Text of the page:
Every Quilt Tells a Story, Don't It?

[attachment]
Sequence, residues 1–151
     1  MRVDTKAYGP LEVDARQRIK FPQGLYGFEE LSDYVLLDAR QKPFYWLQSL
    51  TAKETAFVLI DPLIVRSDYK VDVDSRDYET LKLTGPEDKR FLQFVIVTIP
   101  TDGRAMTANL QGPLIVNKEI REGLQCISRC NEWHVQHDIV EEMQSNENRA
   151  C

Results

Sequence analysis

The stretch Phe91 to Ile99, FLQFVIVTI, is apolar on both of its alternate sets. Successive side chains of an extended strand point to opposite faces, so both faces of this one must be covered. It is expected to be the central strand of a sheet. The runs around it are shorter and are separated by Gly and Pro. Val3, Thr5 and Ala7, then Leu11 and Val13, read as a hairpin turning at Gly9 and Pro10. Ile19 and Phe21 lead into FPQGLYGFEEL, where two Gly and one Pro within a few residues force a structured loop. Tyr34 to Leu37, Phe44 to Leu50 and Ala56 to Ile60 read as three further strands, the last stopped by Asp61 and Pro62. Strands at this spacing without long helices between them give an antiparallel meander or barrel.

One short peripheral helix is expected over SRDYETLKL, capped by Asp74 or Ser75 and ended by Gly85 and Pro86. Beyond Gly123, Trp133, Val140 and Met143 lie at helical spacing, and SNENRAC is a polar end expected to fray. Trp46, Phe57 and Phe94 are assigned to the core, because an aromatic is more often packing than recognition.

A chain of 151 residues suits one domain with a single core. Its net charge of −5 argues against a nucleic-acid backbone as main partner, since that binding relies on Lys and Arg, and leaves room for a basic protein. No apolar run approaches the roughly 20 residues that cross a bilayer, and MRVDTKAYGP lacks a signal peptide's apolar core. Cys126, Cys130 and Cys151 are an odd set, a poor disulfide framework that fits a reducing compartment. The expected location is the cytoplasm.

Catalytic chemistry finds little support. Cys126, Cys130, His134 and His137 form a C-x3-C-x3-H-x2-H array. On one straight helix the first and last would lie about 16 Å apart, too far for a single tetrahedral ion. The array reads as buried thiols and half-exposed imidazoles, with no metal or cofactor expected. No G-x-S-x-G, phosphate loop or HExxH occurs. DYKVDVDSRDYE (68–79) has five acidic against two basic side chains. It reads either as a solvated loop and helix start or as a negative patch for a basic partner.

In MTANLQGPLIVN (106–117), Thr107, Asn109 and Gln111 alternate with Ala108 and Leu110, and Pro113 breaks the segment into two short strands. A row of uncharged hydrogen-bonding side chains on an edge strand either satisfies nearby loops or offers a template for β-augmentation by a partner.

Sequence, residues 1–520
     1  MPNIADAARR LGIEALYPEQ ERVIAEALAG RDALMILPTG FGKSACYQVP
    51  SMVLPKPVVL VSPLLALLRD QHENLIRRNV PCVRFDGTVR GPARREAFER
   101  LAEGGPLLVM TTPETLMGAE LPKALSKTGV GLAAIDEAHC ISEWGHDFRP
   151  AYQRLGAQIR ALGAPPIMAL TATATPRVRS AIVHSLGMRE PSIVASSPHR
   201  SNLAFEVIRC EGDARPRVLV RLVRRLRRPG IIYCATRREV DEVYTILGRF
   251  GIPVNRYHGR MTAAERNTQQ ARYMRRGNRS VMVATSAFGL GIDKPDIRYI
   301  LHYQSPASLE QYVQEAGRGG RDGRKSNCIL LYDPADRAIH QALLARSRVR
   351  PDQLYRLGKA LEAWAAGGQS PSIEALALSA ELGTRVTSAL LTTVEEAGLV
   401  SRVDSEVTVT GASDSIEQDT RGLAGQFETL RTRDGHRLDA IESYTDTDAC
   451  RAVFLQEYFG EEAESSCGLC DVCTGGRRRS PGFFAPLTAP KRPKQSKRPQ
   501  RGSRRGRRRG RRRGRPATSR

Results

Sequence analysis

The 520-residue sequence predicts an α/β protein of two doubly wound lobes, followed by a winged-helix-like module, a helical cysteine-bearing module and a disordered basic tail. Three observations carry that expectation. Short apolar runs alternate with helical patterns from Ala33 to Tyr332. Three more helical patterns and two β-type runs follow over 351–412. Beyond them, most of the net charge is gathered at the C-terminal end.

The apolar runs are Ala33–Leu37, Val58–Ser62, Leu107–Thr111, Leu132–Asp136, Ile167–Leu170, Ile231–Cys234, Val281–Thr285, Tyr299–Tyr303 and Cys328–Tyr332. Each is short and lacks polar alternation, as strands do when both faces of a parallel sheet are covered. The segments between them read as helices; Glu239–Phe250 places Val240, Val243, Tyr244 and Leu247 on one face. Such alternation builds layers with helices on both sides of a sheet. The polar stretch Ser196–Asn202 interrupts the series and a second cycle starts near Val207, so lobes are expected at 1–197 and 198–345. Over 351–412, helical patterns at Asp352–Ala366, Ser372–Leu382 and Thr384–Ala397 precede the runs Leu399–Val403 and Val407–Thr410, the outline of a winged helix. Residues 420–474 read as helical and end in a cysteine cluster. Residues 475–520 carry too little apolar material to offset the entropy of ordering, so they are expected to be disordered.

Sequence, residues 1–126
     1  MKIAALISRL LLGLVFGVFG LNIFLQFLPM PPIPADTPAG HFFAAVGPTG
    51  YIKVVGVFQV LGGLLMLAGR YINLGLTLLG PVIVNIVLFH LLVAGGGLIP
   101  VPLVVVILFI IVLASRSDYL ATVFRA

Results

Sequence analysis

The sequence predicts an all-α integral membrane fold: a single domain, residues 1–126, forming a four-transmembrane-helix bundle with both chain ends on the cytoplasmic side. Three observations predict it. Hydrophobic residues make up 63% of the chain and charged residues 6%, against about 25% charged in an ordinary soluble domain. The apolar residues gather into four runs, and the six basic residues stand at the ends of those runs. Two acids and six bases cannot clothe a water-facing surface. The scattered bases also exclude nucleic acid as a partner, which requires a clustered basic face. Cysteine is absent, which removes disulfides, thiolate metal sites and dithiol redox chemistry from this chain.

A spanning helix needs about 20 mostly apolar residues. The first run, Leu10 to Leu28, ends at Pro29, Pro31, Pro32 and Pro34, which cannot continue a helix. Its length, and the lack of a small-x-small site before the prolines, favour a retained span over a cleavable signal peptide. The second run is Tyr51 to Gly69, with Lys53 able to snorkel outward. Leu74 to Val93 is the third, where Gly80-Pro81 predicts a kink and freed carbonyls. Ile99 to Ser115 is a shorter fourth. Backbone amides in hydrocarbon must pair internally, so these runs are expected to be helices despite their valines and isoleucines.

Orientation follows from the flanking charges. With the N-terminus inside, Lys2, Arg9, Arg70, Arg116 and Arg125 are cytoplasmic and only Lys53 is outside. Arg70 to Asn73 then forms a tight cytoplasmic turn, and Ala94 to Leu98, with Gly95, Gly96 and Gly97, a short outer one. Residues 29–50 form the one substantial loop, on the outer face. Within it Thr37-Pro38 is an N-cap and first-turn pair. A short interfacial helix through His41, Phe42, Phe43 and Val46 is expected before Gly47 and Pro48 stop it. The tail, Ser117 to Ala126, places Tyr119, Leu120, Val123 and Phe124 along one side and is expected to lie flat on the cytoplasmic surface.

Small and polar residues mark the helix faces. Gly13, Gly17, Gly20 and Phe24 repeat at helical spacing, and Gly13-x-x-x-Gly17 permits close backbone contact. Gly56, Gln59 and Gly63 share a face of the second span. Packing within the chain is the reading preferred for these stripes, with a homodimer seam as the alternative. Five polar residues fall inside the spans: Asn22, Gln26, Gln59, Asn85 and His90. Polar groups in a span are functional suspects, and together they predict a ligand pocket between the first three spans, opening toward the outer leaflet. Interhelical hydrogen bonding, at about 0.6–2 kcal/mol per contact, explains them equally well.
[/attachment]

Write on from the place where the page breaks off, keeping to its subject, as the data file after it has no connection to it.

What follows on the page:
Anne Baird and Nora Palmer-Gould are curators of space. The space is the art gallery at OSHER's offices on Lebanon Street in Hanover. At points, it is so narrow that your derriere might inadvertently collide with the edge of Diane Doe's desk as you step back from the art on the wall for a better look. No matter. What with students, their parents, shoppers, course-registrants and others dropping by, the OSHER people are used to it. Following the gallery's inaugural show of Stephanie Reininger's watercolors (which I previously reviewedhere ), and Jim Lustenader's luscious photos of Paris (here), the third exhibition, which just opened on April 14, is a collection of quilts by various artists from the Northern Lights Quilt Guild.The quilts won't cover your bed; they are smaller, more conscious works of art. Jane Buskey, who is president of the guild, takes her punctuation seriously; you should too. Her quilt (pictured at top) entitled Let's Eat, Grandma is both funny and evocative of every high-school English teacher expounding on the use of the comma. Jill Williams's Summer in Eastman is verdant, and springy with texture that almost forces you to touch it. (I might have when no one was looking.) Rita Tingle gets the prize for most unusual title and color: Platyhelminthes in Turquoise. One of the quilts, by Regina Laraway, is made from old silk ties. She explained that it was the product of one of the guild's "challenge" events. This one required members to complete a quilt within a certain period of time on the theme "reuse, recycle, repurpose." Laraway's quilt used not just the fabric of the ties, but their labels as well. The Northern Lights Quilt Guild has over 100 members in the Upper Valley and meets monthly at the Methodist Church in Lebanon NH. They speak quilt--bringing in experts, sharing tips, preparing for the biannual quilt show at the Richmond School, and engaging in community service; they often make and give quilts to bereaved families and others in need. I know the grammar in the title of this piece is incorrect; I borrowed it, loosely, from a song by Rod Stewart (you know the one). It's apt. OSHER believes it, and that is why they have asked the artists to provide a short story of their individual pieces. OSHER will be featuring a photo of a quilt or two along with their stories in its weekly e-newsletter for the two-month duration of the exhibition. 'Cause every picture does tell a story, don't it? Don't miss anything! To receive an email alert each time I post something new, please click here. To view earlier posts on this blog, ArtfulEdge, about arts in the Upper Valley, please click here. Thank you for reading